5 Health Risks Caused By Unwanted Noise


Did you know that using felt tiles on the walls in your home or office can actually prove to be beneficial to your health? It’s surprising at first to think that a simple décor change in your space can actually improve your health, but studies show clear evidence that controlling the sound in your space and reducing excess noise can be beneficial for both your physical and mental health. But how damaging can excess, unwanted noise really be?

Here, we’re taking a closer look at some of the ill effects caused by unwanted, excess noise. We then dig into some methods you can take to reduce unwanted noise in your home or office to provide more peace of mind and additional surprising health benefits.

5 Health Risks Caused by Excess Noise

When unwanted or excess sounds disrupt our daily lives and the quality of our health, this is called noise pollution. An invisible threat, noise pollution can negatively impact practically every aspect of your physical and mental health and make your daily activities a challenge—or even downright impossible.

A car alarm going off or construction on your street can certainly be annoying, but it eventually goes away, right? That’s why many people simply end up living with excess and unwanted sounds as they may not realize the impact these sounds are making on your physical and mental health. But over time, excess noise can have a serious impact on the quality of your life. Some of the most common health risks associated with unwanted noise include:

1. Additional stress: the last thing that any of us needs is more stress in our lives—right? That’s why you definitely need to be concerned about unwanted noises in your space. Studies show that unwanted sounds can increase the stress levels you feel day in and day out. Just think—ever find yourself trying to accomplish a simple task only to be infuriated by an unwanted noise? That’s your stress going up.

2. Higher blood pressure: linked to high levels of stress, excess noises can even have an effect on your blood pressure levels. As stress and anxiety increase, your blood pressure can increase, leading to additional health problems if left to continue for longer periods of time.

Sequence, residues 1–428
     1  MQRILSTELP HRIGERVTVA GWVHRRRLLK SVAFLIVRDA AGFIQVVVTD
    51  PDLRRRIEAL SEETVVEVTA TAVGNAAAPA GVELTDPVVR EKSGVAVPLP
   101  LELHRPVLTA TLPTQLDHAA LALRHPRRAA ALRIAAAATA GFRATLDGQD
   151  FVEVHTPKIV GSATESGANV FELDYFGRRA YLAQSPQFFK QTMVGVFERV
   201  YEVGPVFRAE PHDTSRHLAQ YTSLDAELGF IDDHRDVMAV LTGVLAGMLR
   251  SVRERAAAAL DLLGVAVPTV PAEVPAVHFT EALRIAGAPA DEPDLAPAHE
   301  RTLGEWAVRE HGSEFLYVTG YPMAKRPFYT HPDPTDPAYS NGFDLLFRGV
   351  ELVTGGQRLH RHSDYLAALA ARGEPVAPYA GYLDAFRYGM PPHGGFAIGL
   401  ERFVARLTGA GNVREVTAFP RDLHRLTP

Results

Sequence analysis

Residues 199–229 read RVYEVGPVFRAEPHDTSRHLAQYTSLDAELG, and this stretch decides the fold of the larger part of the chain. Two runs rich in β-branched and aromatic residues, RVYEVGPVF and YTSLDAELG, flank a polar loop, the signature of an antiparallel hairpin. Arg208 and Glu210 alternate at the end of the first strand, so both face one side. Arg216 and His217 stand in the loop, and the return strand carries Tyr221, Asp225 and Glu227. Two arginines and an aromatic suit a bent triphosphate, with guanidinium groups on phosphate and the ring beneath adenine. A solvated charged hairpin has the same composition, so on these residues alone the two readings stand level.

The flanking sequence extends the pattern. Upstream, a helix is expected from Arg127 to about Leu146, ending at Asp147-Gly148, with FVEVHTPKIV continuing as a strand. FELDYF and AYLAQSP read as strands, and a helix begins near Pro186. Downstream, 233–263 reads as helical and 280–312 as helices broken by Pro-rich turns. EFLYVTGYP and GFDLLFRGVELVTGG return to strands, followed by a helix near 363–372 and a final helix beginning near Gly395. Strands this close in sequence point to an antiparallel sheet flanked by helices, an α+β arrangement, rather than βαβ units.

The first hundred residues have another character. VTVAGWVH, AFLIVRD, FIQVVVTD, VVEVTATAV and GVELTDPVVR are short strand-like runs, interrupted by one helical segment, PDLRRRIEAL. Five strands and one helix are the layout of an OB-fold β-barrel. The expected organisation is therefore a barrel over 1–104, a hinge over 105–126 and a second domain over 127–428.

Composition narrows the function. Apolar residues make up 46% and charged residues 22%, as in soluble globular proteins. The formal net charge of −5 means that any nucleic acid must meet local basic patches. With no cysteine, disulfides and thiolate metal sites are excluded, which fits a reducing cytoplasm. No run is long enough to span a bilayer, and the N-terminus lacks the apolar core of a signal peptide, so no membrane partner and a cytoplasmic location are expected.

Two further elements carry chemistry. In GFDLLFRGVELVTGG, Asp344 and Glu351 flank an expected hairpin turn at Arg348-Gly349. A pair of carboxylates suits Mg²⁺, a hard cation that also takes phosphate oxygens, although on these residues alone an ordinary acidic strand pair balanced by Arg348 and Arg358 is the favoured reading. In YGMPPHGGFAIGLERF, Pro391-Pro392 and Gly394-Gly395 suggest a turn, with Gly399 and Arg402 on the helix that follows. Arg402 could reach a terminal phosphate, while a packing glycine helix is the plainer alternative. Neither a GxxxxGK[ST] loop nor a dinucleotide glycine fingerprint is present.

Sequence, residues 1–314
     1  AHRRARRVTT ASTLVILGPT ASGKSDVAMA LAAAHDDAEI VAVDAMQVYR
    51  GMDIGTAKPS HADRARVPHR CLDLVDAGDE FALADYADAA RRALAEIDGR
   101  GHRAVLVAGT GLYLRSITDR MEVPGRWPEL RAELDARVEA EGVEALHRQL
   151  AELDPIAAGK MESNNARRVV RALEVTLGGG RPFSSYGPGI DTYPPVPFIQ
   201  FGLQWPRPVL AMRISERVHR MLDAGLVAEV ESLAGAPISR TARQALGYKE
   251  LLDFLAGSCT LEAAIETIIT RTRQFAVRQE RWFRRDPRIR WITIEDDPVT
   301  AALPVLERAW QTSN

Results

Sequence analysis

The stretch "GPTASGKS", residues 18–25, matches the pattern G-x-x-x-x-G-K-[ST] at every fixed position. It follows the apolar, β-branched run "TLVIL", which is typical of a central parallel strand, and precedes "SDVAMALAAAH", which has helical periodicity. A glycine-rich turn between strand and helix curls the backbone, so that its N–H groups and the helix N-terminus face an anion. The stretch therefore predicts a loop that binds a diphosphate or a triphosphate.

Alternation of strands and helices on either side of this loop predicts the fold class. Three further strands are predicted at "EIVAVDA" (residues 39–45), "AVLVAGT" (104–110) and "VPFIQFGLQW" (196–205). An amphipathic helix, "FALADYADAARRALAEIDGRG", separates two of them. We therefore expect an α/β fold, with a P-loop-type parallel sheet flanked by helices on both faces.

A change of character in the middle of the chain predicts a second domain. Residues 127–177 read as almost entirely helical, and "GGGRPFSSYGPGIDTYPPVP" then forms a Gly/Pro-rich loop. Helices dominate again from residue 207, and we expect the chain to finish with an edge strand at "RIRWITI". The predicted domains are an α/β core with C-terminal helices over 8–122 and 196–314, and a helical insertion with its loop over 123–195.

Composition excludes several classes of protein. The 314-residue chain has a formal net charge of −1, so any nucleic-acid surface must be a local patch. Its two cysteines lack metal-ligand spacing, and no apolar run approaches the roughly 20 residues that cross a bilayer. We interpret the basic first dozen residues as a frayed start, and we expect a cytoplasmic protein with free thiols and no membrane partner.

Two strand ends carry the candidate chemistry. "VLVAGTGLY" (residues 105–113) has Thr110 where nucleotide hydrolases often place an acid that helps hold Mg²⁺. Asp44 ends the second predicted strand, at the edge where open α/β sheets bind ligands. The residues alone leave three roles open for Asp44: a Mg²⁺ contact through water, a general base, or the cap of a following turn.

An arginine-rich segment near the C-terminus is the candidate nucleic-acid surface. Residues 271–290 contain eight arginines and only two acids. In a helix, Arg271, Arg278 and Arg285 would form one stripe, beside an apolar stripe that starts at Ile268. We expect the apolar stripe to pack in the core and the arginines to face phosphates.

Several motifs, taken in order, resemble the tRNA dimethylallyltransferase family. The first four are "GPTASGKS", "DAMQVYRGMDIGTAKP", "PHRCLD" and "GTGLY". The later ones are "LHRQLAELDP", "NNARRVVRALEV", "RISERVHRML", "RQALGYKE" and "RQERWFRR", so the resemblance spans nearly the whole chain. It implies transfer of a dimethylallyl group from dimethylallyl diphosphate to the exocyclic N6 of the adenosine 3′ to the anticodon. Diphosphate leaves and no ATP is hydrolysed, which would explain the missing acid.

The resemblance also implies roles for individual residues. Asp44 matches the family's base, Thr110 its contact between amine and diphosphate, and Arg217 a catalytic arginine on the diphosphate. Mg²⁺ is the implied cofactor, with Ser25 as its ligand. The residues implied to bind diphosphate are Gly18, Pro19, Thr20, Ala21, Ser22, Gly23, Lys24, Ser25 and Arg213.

3. Sleep problems: over time, excess noise can make it harder to fall asleep and stay asleep and leading to a range of health problems.

4. Trouble focusing and concentrating: especially at work, unwanted noise can make it truly difficult to focus and get work done.

5. Higher risk of heart disease: perhaps the most serious health risk associated with unwanted noises, continual exposure to loud noises has even been linked to a higher risk of developing heart disease. Additionally, it’s worth noting that heart disease is the number one cause of death in the United States.

How to Fight Back Against Unwanted Noise

As you can see, excess noise can quickly become a problem no matter where you are. Whether working in the office or spending time at home, excess noise can negatively affect your health and disrupt your normal routine of working on snow sculpture ideas.

So what are you supposed to do? Luckily, there are many ways you can work to reduce unwanted noise in your space with some of these fixes being surprisingly quick and easy. They can also help you create a more inviting, comfortable, and even productive environment for yourself and others.